Honey Oat n’ Seed Bars

It’s always nice when things turn out better than you expect them to.

For example, the other day I took a chance on a recipe with suspiciously high ratios of butter and flour that called itself “granola” — a recipe without a photo, even! — and what popped out of my oven later was totally better than anything I could have expected.

Crazy, right? How often does that happen?

I feel the need to say, though, that this is definitely not “granola” — it’s more like granola’s chubby cousin.

These treats are full of the same nutritious stuff, like oats, dried fruit, nuts, seeds, and sticky-delicious-oozy honey, but have a bit of fat and flour packed in, too.

The key to getting the best flavour out these bars is in the effort you put into toasting your oats and wheat germ.

Crank that heat up and toast everything a wee bit longer than your good judgment tells you to — seriously!

I had a few suspiciously dark and crispy oats in my skillet by the time I was done, and it was just perfect — more crunch, more yum!

These bars walk a taste bud tightrope: they’re sweet and salty, they’re chewy and crunchy, they’re moist and crumbly.

If you’re feeling creative, then swap out the dried apples and pecans for any other type of dried fruit and nut combination that you think would work well… but I recommend keeping the coconut and seeds in the recipe, though, since they’re a really big part of the texture of this treat!

Honey Oat n’ Seed Bars

*adapted from Bar Cookies A to Z


  • 2 cups rolled “old fashioned” oats
  • 1/4 cup wheat germ
  • 1 & 1/2 cups all-purpose flour
  • 1 teaspoon baking powder
  • 1 teaspoon ground ginger
  • 1 teaspoon salt
  • 1 cup dried apple, diced
  • 1/2 cup sweet flaked coconut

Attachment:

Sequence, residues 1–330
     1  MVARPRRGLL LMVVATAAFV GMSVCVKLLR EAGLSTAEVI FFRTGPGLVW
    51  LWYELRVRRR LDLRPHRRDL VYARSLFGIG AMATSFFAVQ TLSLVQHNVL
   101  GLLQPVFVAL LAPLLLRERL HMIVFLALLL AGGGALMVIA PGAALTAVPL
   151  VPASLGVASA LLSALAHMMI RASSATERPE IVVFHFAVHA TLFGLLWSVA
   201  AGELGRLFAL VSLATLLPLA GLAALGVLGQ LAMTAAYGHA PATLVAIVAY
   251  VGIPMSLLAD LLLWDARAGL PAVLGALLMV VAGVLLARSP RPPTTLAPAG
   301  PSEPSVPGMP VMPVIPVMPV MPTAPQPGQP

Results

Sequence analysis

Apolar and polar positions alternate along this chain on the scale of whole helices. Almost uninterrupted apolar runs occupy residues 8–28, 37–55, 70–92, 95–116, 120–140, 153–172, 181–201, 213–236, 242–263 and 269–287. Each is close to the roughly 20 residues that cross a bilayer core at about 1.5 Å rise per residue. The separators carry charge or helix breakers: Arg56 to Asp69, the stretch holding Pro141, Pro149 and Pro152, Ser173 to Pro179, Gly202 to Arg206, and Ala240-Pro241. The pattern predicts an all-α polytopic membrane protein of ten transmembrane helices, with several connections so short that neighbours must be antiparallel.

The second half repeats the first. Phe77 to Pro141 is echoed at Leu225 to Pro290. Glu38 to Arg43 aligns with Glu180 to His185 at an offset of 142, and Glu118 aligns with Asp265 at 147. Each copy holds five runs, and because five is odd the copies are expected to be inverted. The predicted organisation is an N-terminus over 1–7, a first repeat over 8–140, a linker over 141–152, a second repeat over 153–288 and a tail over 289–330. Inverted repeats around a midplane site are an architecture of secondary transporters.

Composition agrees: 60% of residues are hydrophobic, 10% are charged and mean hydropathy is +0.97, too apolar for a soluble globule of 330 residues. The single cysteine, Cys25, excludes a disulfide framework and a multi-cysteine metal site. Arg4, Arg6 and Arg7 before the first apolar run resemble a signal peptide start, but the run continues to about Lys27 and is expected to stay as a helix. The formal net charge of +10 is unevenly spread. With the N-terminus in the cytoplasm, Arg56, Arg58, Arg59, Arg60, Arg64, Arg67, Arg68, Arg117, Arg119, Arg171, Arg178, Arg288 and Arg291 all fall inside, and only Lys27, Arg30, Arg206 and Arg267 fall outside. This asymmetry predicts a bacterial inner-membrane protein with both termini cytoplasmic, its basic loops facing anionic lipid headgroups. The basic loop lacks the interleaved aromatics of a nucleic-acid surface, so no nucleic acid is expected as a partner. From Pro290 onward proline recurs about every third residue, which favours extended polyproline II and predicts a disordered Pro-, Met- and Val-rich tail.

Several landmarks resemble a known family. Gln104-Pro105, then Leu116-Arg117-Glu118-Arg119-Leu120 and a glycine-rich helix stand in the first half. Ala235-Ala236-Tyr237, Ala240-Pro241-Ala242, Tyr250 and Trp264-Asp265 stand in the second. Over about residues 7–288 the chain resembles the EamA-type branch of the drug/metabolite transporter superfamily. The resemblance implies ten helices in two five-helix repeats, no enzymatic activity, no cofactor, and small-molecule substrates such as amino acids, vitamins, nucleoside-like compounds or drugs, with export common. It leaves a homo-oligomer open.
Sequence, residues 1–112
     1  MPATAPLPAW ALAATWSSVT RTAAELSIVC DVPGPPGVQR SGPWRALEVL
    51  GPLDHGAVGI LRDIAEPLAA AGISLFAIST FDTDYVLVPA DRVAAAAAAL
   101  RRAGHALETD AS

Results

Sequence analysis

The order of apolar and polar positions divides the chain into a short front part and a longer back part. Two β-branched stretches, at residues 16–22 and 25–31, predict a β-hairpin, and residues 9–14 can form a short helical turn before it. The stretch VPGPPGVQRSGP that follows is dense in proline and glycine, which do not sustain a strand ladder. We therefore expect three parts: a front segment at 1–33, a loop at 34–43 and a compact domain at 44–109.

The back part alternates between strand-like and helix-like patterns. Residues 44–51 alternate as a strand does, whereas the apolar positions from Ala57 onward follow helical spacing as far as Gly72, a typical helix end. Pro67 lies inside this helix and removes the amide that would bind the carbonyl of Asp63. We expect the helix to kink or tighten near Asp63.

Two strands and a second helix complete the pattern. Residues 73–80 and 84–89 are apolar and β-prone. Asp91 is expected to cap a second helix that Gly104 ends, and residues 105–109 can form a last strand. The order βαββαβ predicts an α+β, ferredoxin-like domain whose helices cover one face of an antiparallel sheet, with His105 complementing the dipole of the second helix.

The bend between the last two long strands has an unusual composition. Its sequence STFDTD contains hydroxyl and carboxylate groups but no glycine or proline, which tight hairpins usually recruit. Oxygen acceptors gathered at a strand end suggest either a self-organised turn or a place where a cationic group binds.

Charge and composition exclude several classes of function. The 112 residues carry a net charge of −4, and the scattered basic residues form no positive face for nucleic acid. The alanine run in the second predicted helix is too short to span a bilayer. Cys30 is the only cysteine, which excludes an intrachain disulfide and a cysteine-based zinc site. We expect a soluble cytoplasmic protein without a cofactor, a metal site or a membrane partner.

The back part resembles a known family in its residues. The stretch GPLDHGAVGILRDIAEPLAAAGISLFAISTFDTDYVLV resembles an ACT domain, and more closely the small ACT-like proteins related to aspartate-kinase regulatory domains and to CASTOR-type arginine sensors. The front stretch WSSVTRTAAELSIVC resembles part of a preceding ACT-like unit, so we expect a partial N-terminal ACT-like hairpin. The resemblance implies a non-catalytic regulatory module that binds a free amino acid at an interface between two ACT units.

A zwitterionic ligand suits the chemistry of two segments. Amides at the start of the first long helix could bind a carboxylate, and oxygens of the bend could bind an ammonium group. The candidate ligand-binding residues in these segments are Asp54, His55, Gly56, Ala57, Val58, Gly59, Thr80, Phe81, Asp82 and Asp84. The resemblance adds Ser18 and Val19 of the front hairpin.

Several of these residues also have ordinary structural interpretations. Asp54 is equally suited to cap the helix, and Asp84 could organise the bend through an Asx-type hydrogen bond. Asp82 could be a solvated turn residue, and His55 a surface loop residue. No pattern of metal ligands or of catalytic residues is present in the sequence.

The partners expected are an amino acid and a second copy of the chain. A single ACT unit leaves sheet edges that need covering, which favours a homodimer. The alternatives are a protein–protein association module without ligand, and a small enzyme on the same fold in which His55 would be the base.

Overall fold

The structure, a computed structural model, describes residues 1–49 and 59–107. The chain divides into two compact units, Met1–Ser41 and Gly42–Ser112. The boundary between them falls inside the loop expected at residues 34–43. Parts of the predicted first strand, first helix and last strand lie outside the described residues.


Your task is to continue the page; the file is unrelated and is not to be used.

• 1/2 cup pecans, chopped
  • 1/4 cup toasted sunflower seeds
  • 2 tablespoons sesame seeds
  • 1 cup (2 sticks) butter, softened
  • 1/3 cup cane sugar (or brown sugar)
  • 2 large eggs
  • 2 teaspoons vanilla extract
  • 1/2 cup honey, plus more for glazing bars


Separately toast the old-fashioned oats and wheat germ in a dry skillet over medium heat. Toast them until they’re golden brown, then toast them another minute or two. Set aside to cool.

Preheat the oven to 350°F (or 175°C). Line a 13 x 9 inch baking pan with parchment paper.

Sift together the flour, baking powder, ground ginger, and salt. Stir in cooled oats and wheat germ.

In a separate bowl, toss the dried apple, coconut, pecans, sunflower seeds, and sesame seeds together. Add them to the flour mixture and stir to distribute evenly.

In a large bowl, cream the butter and sugar together. Beat in eggs, one at a time, beating well after each addition. Beat in vanilla and honey.

Add the dry ingredients to the wet ingredients slowly, folding gently until the dry ingredients are incorporated and no streaks of flour remain.

Spoon the batter into the prepared baking pan and smooth the top of the batter. Bake for 30 ~ 35 minutes.

After removing the pan from the oven, warm approximately 1/4 cup of honey in a skillet until the honey is very runny. Brush the honey over the top of the uncut oat and seed cake.

Allow the cake to cool completely before removing it from the pan and cutting it into bars with a very sharp knife.

These bars will keep really well, at least three days or more, if you wrap them tightly in plastic and store them in a cool place.

Not that they’ll last that long — there’s something very addictive about these honey oat n’ seed morsels. The one batch I made disappeared way too fast, so I’ll be making them again soon. Yum!

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4 thoughts on “Honey Oat n’ Seed Bars

  1. Alex Gaidachev says:

    I’ve tried them and they’re so YUM! Crunchy and softness on the base of your tongue is just pure bliss.

  2. Nandlal says:

    Honey is really great I think its amazing food I love it.

  3. Holy Christ. You have to tell me how you created your new format. It’s exquisite.

  4. What I love about this recipe is that it has the texture of nuts and seeds–in other words, malleable–and not the texture of sweet, soft desserts with huge nuts in them. I hate big, bitter nuts in desserts. But this particular treat has the right, mouldable texture which pleases the tongue, because it consists of small, ground-up nuts and seeds. They should be ground up. Really.

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